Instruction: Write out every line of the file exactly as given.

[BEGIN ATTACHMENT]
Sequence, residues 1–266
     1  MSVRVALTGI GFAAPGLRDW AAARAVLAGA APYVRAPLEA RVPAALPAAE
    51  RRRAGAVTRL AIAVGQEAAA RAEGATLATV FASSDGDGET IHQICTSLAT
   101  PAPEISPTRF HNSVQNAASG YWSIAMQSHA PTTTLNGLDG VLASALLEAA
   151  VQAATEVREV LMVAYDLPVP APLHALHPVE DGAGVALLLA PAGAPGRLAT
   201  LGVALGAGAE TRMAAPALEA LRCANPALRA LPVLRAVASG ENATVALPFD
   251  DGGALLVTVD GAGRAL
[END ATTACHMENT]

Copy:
Sequence, residues 1–266
     1  MSVRVALTGI GFAAPGLRDW AAARAVLAGA APYVRAPLEA RVPAALPAAE
    51  RRRAGAVTRL AIAVGQEAAA RAEGATLATV FASSDGDGET IHQICTSLAT
   101  PAPEISPTRF HNSVQNAASG YWSIAMQSHA PTTTLNGLDG VLASALLEAA
   151  VQAATEVREV LMVAYDLPVP APLHALHPVE DGAGVALLLA PAGAPGRLAT
   201  LGVALGAGAE TRMAAPALEA LRCANPALRA LPVLRAVASG ENATVALPFD
   251  DGGALLVTVD GAGRAL